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An Uncomplicated Regimen Suggested for Treating Backaches

December 11, 1986|ROSELLE M. LEWIS

Freedom From Back Pain: An Orthopedist's Self-Help Guide by Edward A. Abraham MD (Rodale Press: $18.95).

"The human back can become the seat of more aches and pains than are registered in books for the composite anatomy of a regiment. It is a limited area, but it can become the theatre of innumerable muscular conflicts, tangles, wrenches, knots . . . ."

Stephen Crane in his short story "The Open Boat," capsulizes the plight of millions of Americans suffering back pain. And you don't have to row for dear life on high seas, as the shipwrecked Crane actually did, to know the terrors of this condition that strikes one in three.

In this answer to a back-pain sufferer's prayers, Edward A. Abraham--orthopedic surgeon, former team doctor to the Oakland Raiders and head of Postural Therapeutics, an outpatient rehabilitation clinic in Santa Ana--explains that bad backs set us back $5 billion a year for examinations, treatment and therapy, not counting huge amounts in disability claims, lawsuits and lost work time.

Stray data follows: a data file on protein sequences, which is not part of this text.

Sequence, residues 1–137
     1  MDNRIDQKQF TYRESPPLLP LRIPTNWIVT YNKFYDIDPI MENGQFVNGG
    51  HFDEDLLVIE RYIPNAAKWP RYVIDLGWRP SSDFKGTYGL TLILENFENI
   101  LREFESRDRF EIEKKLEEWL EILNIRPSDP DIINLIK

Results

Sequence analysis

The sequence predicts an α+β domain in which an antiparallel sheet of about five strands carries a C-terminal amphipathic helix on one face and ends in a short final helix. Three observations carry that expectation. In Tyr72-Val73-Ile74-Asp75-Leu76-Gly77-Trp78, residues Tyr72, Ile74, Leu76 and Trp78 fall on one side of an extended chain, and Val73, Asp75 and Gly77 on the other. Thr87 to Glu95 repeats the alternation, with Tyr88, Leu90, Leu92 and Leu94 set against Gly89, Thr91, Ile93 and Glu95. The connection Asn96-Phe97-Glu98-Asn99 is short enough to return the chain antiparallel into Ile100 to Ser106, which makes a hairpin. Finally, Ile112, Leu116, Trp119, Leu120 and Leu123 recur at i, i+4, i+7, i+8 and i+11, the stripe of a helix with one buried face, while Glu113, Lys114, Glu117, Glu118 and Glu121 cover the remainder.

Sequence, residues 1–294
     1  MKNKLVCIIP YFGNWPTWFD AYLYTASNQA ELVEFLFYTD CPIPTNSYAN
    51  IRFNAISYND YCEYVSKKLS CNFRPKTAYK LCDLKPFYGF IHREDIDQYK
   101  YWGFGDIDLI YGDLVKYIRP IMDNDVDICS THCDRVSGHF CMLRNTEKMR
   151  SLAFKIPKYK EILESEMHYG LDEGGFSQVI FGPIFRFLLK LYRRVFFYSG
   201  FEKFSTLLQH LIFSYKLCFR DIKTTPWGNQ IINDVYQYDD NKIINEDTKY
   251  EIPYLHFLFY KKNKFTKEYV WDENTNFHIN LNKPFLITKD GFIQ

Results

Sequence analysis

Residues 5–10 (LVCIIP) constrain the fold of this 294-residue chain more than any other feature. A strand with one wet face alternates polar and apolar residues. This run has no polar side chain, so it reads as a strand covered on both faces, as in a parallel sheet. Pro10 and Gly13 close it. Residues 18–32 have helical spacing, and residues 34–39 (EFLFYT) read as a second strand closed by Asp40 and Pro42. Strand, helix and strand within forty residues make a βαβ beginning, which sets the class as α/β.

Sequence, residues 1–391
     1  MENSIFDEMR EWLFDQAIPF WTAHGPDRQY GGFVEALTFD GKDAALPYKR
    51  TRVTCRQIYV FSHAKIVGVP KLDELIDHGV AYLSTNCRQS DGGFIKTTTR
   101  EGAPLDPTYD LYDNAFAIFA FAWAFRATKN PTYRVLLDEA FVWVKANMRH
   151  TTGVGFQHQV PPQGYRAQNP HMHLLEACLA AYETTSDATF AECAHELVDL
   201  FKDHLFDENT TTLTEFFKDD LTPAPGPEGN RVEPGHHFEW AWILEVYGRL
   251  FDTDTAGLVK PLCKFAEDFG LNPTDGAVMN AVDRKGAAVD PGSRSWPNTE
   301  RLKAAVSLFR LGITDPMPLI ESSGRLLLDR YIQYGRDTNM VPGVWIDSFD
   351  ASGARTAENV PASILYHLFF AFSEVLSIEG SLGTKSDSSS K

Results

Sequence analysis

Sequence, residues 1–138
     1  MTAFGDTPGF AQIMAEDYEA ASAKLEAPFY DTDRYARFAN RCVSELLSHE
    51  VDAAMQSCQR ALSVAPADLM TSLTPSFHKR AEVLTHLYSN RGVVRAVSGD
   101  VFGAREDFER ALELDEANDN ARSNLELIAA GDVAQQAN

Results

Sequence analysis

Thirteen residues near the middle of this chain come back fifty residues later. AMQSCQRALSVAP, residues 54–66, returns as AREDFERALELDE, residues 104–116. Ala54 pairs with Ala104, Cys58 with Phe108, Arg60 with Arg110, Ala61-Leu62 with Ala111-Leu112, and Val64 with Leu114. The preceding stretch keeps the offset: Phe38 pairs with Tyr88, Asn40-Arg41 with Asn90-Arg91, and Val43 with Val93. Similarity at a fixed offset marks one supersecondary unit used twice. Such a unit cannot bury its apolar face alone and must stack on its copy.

But with few exception--as in trauma to the spine or other clinical conditions--the cause, Abraham maintains, is more psychological than physical, a giving in to "pain behavior."

Describing four stages of "backitis," ranging from mild to chronic, he concentrates on the "tragic victim." After initially gaining attention and sympathy, "backacholics" learn to enjoy their invalid role, finding "pain the perfect excuse for not doing what we don't want to do."

To be sure, back-pain attacks have physical causes. Carrying extra weight, poor posture and sleeping habits, lifting heavy objects incorrectly, excessive sitting and even aggressive sexual performance can trigger an attack. But all conditions, mild to severe, can be overcome, Abraham insists, by following his uncomplicated regimen, which delineates "simple, safe, tried and true" physical exercises as well as relaxation techniques to escape the "pain barrier."

Some readers will not readily embrace Abraham's theory, and, as he admits, some will resist mightily. But "Freedom From Back Pain" is a jewel of a guide.

If you want to live a full, good life, read it and follow its sage advice. Abraham, in quoting Plato, believes that "the greatest victory is over self."

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